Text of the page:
German immigrants brought Marmorkuchen–marble cake–to the United States. Vintage cook books and newspapers show spice-and-yellow cake batters swirled together. Late-nineteenth-century bakers began to swap spice cake for chocolate. Delicious vintage baking!
Today, January 27th, is National Chocolate Cake Day!
No better time to reflect upon, and relish the “invention” of one of the BEST chocolate cakes of all time–Devil’s Food Cake.
Devil’s Food Cake (often simply “Devil’s Food”) debuted along with other chocolate cakes as the culmination of chocolate dessert creations, at the tail-end of the Victorian Era, and gained momentum into the brief Edwardian period. American bakers discovered the capacities of baking chocolate, creating the sinfully rich and decadent cake, frosted with anything from a basic white, boiled frosting to ultra-sweet fudge frosting. Of all the “Victorian Inventions”, Devil’s Food Cake might be a twenty-first century favorite!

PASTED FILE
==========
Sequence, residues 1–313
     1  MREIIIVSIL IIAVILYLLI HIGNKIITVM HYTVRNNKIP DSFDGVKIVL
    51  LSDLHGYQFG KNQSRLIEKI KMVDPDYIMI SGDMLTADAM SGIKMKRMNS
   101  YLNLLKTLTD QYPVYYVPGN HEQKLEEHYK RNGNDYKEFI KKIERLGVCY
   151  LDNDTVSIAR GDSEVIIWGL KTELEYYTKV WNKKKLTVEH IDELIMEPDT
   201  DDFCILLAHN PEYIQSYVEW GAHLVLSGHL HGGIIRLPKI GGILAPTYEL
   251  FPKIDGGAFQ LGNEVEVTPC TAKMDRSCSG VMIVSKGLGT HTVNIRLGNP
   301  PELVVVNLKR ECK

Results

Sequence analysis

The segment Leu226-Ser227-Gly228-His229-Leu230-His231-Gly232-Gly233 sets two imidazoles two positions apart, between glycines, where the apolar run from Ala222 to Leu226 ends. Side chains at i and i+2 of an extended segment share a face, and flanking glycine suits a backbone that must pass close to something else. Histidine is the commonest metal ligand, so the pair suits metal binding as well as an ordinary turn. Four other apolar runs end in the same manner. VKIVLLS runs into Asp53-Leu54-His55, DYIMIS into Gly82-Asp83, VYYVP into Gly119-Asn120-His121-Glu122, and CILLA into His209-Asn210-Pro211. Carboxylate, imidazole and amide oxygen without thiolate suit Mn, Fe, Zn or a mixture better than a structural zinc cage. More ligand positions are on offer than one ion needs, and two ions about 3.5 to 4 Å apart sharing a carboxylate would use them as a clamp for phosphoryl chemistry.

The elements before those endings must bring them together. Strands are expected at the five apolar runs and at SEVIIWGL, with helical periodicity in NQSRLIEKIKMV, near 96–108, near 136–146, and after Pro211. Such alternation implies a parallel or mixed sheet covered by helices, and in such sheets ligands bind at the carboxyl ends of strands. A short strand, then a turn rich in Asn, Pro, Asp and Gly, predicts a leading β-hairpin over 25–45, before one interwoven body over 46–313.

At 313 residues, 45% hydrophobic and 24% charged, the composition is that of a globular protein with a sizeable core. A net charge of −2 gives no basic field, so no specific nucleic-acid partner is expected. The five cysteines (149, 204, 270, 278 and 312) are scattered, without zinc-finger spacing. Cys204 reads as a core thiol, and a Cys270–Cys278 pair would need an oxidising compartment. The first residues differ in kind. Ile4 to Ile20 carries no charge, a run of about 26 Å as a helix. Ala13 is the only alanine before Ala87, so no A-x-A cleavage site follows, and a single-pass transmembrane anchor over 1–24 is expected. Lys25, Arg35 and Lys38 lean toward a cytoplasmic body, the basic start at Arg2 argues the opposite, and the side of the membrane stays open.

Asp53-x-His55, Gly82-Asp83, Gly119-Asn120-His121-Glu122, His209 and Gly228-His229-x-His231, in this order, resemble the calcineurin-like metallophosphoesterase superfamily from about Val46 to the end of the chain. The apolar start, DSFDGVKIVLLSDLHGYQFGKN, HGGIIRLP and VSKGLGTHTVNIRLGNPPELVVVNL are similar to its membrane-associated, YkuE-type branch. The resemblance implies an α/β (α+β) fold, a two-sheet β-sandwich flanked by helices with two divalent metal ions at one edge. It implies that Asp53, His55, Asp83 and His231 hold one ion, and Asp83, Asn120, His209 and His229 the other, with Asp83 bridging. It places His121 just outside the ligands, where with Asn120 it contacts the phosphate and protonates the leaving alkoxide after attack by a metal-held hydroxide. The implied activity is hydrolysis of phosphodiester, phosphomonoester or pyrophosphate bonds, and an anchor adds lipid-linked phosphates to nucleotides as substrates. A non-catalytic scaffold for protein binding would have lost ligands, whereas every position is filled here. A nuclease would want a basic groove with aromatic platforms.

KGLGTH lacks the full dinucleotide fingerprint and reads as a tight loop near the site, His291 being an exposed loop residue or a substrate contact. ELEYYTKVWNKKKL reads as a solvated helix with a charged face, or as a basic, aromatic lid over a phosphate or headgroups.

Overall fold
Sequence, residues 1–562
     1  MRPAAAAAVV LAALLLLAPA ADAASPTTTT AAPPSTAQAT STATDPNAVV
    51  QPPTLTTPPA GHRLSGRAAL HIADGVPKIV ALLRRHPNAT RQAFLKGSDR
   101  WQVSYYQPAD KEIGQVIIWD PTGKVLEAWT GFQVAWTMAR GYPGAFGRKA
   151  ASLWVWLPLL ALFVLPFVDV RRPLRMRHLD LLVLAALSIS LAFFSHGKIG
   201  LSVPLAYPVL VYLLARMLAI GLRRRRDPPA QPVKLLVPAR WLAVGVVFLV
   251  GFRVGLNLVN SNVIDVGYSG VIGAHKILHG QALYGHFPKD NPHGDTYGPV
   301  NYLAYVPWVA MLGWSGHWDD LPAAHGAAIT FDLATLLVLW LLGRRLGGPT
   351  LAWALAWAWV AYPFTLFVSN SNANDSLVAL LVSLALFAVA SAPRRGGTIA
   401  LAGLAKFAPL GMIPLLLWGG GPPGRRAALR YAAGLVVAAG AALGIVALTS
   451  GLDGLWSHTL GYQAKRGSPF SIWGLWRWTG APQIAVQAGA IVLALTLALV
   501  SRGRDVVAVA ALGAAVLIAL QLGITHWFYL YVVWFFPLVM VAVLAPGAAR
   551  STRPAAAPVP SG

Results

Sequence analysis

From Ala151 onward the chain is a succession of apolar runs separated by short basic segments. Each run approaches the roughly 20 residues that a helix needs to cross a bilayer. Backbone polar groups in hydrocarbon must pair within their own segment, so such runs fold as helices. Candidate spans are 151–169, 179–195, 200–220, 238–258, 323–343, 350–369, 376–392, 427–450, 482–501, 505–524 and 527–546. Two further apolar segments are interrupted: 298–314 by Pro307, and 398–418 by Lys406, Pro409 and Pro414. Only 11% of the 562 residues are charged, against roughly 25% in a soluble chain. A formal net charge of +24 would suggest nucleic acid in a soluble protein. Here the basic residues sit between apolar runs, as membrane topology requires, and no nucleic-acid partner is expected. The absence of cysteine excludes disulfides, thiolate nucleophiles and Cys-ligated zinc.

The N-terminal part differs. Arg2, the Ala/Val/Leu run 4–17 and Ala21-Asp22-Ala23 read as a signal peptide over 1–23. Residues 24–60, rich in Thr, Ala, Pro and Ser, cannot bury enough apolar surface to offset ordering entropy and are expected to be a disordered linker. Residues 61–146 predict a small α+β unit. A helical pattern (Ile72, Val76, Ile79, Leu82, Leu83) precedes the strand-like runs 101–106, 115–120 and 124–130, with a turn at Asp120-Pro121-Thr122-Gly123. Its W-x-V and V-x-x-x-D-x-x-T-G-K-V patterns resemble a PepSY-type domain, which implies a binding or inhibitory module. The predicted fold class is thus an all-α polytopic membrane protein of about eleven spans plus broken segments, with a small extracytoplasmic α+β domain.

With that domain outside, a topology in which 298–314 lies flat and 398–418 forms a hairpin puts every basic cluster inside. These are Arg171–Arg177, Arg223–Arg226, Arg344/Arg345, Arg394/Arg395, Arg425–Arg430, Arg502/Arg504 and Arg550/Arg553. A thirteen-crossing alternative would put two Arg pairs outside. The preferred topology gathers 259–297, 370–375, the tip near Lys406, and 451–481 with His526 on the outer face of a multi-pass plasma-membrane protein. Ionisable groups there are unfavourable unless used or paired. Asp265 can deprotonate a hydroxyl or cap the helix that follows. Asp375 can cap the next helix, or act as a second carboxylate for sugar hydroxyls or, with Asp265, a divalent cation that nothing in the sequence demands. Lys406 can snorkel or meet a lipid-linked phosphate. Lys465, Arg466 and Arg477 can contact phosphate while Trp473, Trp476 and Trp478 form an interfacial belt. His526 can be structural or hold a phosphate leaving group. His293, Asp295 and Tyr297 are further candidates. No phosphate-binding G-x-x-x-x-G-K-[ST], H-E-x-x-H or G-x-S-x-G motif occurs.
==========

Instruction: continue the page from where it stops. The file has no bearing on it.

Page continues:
Which came FIRST in Victorian home kitchens? Angel’s Food Cake or Devil’s Food Cake? BOTH appeared in the 1800’s…but one was definitely first. Which is your guess?
This post begins a new blog series, all about Victorian home bakers, CAKE, Angel (Angel’s) Food Cake, Chocolate Cake (and Devil’s Food Cake), Cake Moulds and Tins, Time-saving Inventions for cooks / bakers, and more than one surprise!
Book Review–Things Mother Used to Make: A Collection of Old Time Recipes, Some Nearly One Hundred Years Old and Never Published Before
This book review of an historic cookbook illuminates my reasons for a 4.5-star review. This vintage cookbook is so much more than a collection of historic recipes–it provides a peek into the homemaker’s roles, available ingredients, methods of food preparation and attitudes about waste, as well as regional favorites. Small elements–such as reference to measuring salt with a dessert spoon–explains much to amateur historians about the way things once were. Article includes one of the recipes from the book: cream pie with a rich pie crust.